CAMP TAQADDUM, Iraq -- Soldiers with a Minnesota Army National Guard unit took time to remember three fallen brothers at a prayer service here Dec. 9.
Army Sergeants Corey J. Rystad, 20, of Red Lake Falls, Minn., and Bryan T. McDonough, 22, of Maplewood, Minn., gave their lives on a security patrol near Fallujah when an improvised explosive device blast struck their vehicle Dec. 2.
Both soldiers served with Company B, 2nd Combined Arms Battalion, 136th Infantry Regiment, attached to I Marine Expeditionary Force Headquarters Group. The explosion wounded two other passengers.
Two days later, Army Sgt. Nicholas D. Turcotte, 23, from Maple Grove, Minn., died after suffering injuries from a vehicle accident near Nasiriyah. Turcotte was deployed with Company B, 2nd Battalion, 135th Infantry Regiment.
“It has been a tough week for our brigade,” said Army 1st Lt. Steven W. Timm, chaplain for 2-136. He addressed the somber audience: “I thank you for being here, and I thank you for showing your honor to all three of these men.”
Marines and sailors also attended the ceremony, and approximately 70 service members learned of Rystad and McDonough’s differences.
“If you knew Sergeant McDonough, you know that he was an extrovert… a worldly ball of energy from the metro area of Minnesota,” said Army Lt. Col. Gregg L. Parks, battalion commander for 2-136.
“Being an infantry soldier, (Rystad) let his actions speak for him… He was content letting guys like McDonough grab all the attention,” said Parks. “Rystad was usually the guy listening to and laughing heartily at jokes, rather than telling them.”
They contrasted in looks and personality, but the commander also spoke of the soldiers’ common bond.
“Both of them told their families on many occasions that at this moment in their lives there is no place in the world they’d rather be than in Iraq with the other members of their squad,” said Parks, a native of Walker, Minn.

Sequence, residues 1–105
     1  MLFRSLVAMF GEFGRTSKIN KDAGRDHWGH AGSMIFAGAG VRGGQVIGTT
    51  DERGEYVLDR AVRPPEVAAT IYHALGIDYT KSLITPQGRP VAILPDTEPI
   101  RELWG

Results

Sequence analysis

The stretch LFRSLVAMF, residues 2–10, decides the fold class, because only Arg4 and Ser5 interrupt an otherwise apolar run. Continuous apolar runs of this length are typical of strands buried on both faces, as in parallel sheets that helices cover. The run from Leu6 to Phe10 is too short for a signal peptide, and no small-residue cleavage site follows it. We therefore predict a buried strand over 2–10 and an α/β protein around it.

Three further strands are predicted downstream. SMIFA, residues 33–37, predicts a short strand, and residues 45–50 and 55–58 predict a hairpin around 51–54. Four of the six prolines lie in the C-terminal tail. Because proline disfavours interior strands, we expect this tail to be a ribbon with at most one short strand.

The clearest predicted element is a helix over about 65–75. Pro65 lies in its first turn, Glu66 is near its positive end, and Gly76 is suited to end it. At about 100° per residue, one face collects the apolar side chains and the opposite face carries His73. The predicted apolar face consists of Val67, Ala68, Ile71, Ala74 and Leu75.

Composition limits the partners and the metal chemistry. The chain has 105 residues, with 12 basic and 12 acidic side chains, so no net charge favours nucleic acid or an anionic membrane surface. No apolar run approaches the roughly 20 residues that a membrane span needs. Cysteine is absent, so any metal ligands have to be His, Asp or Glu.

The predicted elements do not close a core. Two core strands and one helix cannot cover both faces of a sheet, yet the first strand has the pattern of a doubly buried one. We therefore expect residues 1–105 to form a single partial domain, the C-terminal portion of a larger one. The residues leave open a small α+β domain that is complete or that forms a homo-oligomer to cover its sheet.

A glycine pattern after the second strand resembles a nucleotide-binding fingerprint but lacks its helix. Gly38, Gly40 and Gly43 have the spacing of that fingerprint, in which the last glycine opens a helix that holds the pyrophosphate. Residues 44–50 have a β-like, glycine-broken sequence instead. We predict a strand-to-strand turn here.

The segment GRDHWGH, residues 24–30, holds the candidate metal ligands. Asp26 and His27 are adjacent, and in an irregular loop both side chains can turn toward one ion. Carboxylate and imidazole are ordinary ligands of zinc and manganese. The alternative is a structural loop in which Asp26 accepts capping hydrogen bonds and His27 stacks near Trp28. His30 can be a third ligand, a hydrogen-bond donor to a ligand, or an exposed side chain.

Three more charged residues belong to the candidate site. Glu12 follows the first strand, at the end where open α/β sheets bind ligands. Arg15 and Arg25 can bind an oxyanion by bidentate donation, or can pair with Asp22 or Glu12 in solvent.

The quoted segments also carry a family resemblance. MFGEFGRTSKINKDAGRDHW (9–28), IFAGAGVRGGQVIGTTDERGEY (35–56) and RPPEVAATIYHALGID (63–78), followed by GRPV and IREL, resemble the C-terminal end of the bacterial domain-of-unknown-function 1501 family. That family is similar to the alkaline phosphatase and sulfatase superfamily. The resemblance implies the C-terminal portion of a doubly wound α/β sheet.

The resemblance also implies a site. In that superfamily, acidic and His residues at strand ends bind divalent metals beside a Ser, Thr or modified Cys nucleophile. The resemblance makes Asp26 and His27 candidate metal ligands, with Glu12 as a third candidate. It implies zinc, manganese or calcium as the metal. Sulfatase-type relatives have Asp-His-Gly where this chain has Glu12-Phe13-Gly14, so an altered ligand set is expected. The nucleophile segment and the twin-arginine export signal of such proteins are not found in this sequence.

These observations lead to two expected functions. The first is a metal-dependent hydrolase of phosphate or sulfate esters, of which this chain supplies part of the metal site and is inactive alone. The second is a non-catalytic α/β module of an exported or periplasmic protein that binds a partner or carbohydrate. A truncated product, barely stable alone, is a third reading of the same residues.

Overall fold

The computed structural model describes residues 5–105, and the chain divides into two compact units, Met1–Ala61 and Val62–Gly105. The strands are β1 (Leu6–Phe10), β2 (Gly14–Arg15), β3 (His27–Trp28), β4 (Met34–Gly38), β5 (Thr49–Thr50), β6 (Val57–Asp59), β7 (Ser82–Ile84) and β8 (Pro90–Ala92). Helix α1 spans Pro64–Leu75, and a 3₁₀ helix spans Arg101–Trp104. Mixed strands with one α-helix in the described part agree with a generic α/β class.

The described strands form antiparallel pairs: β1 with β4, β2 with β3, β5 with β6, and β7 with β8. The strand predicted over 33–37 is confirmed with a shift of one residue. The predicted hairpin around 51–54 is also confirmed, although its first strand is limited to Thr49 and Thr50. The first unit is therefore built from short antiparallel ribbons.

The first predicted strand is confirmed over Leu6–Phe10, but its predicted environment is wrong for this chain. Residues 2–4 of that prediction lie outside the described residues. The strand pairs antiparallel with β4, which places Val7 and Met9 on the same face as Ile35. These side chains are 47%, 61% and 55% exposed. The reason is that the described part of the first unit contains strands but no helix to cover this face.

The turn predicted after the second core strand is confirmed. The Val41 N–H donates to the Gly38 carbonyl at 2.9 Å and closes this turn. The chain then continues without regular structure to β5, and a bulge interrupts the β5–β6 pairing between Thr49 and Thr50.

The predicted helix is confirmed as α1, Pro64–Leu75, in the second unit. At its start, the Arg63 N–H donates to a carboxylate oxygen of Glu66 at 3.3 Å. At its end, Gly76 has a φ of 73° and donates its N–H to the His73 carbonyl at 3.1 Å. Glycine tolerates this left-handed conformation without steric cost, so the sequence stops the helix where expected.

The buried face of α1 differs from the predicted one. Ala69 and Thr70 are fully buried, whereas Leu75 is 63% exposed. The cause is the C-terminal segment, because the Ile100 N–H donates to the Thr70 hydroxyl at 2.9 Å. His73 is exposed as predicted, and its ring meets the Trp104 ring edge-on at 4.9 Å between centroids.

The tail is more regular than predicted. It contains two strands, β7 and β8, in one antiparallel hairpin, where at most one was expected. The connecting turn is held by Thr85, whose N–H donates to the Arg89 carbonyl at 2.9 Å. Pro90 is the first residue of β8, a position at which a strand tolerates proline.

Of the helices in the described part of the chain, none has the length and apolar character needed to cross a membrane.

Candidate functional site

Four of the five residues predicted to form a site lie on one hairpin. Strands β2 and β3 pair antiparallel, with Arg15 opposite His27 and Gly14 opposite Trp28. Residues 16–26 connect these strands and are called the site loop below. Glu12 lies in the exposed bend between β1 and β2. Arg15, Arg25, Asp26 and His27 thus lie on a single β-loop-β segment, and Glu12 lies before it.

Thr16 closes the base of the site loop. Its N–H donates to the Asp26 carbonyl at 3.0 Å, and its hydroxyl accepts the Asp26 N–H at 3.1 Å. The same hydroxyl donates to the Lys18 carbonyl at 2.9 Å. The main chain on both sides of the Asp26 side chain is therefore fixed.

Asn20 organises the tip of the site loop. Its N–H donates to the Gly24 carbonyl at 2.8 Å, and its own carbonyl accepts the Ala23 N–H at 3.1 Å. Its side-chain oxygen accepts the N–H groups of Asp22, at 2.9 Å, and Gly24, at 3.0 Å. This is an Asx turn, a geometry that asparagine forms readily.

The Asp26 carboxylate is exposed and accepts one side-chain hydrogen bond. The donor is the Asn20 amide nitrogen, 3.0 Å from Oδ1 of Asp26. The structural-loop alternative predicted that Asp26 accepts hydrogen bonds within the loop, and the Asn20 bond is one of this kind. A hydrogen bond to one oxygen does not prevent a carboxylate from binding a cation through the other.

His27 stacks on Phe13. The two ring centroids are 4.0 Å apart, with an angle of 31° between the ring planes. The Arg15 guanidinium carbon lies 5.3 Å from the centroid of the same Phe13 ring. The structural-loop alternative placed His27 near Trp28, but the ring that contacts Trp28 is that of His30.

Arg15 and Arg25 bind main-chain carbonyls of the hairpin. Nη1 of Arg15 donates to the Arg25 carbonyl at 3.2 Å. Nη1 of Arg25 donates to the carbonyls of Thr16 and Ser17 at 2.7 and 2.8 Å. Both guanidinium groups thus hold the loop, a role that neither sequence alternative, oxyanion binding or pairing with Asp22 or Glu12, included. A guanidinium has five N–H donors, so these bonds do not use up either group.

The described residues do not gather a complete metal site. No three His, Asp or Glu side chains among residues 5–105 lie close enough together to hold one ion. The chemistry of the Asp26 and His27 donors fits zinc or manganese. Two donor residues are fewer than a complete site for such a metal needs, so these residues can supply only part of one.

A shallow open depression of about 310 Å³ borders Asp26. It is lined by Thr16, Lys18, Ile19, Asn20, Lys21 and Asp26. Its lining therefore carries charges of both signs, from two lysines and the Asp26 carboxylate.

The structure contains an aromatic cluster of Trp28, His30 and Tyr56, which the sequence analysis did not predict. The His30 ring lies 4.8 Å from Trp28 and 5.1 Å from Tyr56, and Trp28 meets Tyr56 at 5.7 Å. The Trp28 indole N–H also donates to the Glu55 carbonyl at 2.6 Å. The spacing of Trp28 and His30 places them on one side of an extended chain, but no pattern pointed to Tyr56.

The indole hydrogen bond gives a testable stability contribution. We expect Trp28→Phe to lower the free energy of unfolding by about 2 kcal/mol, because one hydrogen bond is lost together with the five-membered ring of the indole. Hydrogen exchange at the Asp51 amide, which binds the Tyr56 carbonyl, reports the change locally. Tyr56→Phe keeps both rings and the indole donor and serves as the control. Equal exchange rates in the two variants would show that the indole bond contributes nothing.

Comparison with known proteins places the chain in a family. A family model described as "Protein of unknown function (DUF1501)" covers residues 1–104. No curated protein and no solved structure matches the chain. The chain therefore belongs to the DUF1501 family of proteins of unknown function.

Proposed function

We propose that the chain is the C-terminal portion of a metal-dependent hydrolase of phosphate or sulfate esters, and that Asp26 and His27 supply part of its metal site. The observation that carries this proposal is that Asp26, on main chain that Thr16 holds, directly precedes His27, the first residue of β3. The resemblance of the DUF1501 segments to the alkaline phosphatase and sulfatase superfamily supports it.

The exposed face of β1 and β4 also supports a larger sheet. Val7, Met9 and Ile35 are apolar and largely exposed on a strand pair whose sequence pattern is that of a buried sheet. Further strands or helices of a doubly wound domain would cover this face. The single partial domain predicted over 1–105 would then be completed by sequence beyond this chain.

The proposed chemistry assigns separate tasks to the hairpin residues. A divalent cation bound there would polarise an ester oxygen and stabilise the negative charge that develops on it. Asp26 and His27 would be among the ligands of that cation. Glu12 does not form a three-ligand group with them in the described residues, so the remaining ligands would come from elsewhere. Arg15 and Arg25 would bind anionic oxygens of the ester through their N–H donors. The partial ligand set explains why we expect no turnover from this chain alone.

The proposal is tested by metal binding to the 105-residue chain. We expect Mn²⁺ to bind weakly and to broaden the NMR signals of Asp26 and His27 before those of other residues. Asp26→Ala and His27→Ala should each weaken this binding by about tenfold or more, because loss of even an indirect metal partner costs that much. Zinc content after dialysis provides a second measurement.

“If you’re not in the military, you’ll never understand the mindset of these individuals when they said that,” he added.
Parks stepped down from the podium and the chaplain invited Army Staff Sgt. Jason M. Leonard, a friend and peer of McDonough, to share his memories of the “D-troupe” alum.
“Most of you may have not known (McDonough) like we did,” said Leonard, a team leader with Headquarters Company, 2-136.
Leonard’s voice cracked and he paused to regain composure, something he did several times over the next few minutes.
“He was scrappy. I remember numerous occasions he’d come into drill with a black eye or bloody knuckles,” continued Leonard, a 30-year-old from Brooklyn Center, Minn. “Most of the time he was sticking up for somebody in those little scraps.”
“Sergeant McDonough strived to do the right thing, take care of his soldiers and very rarely complained about anything,” said Leonard. “He was a true soldier.”
Timm, a 33-year-old from Red Wing, Minn., offered words of consolation after Leonard spoke. He said that grieving is important, and the natural reaction is to ask why it happened, but service members must continue to move forward.
“We grieve but we do not grieve as those who have no hope; we do not allow it to overcome us,” said Timm. “We move forward, and we carry their memories with us to honor them, and we allow them to inspire us to do what we need to do.”
An official memorial was held a few days earlier at Camp Fallujah, but one soldier said that having another ceremony here was important.
“It brought closure to a lot of people who weren’t able to go to Fallujah,” said Army Sgt. Corry J. Condon, a chaplains assistant with 2-136.
Condon, a 34-year-old from Marshall, Minn., said he has his own method for dealing with a personal tragedy.
“I just give it to God,” said Condon. “I’m praying that He will be the comforter to the family, friends and the soldiers left behind.”
All three soldiers received posthumous promotions, as well as Bronze Star and Purple Heart medals.